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Combining Your Roommate's Style With Your Own

By Kaitlin Hurtado

When you move out for the first time, you will soon realize that living on your own is very expensive. One of the quickest ways to cut living expenses is to add at least one roommate so that the amount of money you pay is cut by half. There is plenty that can go right with having a roommate: less expensive rent, an extra person to keep watch over the apartment when you are gone, and good company. There is also plenty that can go wrong, like clashing personalities or living styles. Lucky for you, there are also steps you can take to minimize the amount of clashing that takes place between one of your roommates.

Conflict can often break out when it comes to decorating your living space when you and your roommates have different styles. Instead of letting the issue create a rift between you and your roommate, try some out some of the following tips to help you and your roommate out when combining your roommate's style with your own.

 

Discuss your "must-haves"

When you have a different style than your roommate and you need to start combining your roommate's style with your own, it is easier to view it as a negotiation. Just like any negotiation, start it out by defining what each roommate really wants (and really doesn't want) at the end of the process. It is a bit more complicated when it comes to decorating your living space, as each person's "must-haves" can be the things that clash the most when it comes to style. Despite their name, "must-haves" do not necessarily have to be things that have to end up in your shared space, but can act as great starting parts when it comes to combining your roommate's style with your own.

For example, one roommate may like an extremely bright space with lights in every corner and everything with light colors to make space look a lot brighter than it actually is. However, you may like a more dim approach to make your living space look more cozy and comfortable. Those are two very opposing styles, but rather than rule one out in favor of the other, combine them. Rather than putting lights everywhere or holding back the lighting, try finding a middle ground where both of you are happy. Different sources of light and various ways of controlling natural light can be plenty of help. Instead of putting lamps everywhere and getting sheer curtains to let as much natural light in as possible, try getting lighting options that offer different levels of light. Light bulbs with dimming options or yellow versus white light can help control how bright a room can get and help both of you feel comfortable in your space.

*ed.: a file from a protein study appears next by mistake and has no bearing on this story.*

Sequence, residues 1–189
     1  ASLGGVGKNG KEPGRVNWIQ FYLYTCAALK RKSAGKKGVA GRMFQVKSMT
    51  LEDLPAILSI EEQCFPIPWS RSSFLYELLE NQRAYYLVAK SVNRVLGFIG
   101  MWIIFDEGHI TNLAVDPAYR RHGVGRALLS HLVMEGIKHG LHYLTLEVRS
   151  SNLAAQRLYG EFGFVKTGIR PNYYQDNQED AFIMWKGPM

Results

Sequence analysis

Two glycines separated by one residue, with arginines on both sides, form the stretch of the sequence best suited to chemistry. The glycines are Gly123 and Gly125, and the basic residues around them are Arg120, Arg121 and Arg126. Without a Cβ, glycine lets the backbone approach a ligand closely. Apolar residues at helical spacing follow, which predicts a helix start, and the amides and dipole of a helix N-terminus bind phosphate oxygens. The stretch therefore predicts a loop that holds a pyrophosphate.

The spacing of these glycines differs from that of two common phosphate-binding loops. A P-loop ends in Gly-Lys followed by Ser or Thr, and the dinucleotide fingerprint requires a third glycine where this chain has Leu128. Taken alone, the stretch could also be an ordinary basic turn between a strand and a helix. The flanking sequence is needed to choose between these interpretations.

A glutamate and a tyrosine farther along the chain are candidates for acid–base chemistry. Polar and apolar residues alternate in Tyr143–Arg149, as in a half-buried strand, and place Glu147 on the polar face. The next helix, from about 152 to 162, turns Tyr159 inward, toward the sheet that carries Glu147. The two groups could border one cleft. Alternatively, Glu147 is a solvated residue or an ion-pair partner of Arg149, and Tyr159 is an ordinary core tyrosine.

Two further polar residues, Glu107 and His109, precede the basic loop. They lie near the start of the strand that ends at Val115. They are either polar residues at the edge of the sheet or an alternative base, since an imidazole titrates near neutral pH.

Break up space for individual style

Sometimes styles will clash and rather than stopping the clashing of styles, embrace them by placing each style in your living style. Break down the living space that you are working with each space as something you can work on as an individual space. If you are working on decorating your room, designate parts of the space to each person. Try grouping each person's belongings, like one half of the room holds your bed, desk, and other belongings and the other half holds your roommate's belongings. Each person should be able to decorate their half as they please.

Think of them as two separate rooms, if it is harder for you to do so visually, try physically breaking up space. Get a room divider or two to make clear divides between the different sides of the room and styles. Or, instead of a room divider, choose a piece of furniture that you both can use to make the "room divider" more functional. Try out a bookcase - it can serve as the place marker where you and your roommate's sides meet, and also serve as a place where you can store belongings and decor.

Start small when combing styles

Shared spaces like living rooms, dining rooms, kitchens, and bathrooms are going to be harder as they are the rooms where everyone has an equal right to the space. Rather than going all-in on one person's style like you may have done with individual sides of a shared room, try placing touches of each person's style into shared spaces to make each person feel like their style is represented in the shared spaces.

There are various ways to incorporate different styles in small ways: decorate pillows, rugs, potted plants, tapestries, art prints, and so much more. These "small touches" can contribute to the living space looking a lot more lived-in and cozy. Combining multiple styles does not have to have visually clashing decor when you limit representative styles to smaller touches throughout a shared space.

Combining your roommate's style with your own does not have to result with you being unhappy in your space. As long as you put effort into making sure each person feels represented in your living space, you both can enjoy a space that reflects the both of you and makes you feel comfortable to call home.


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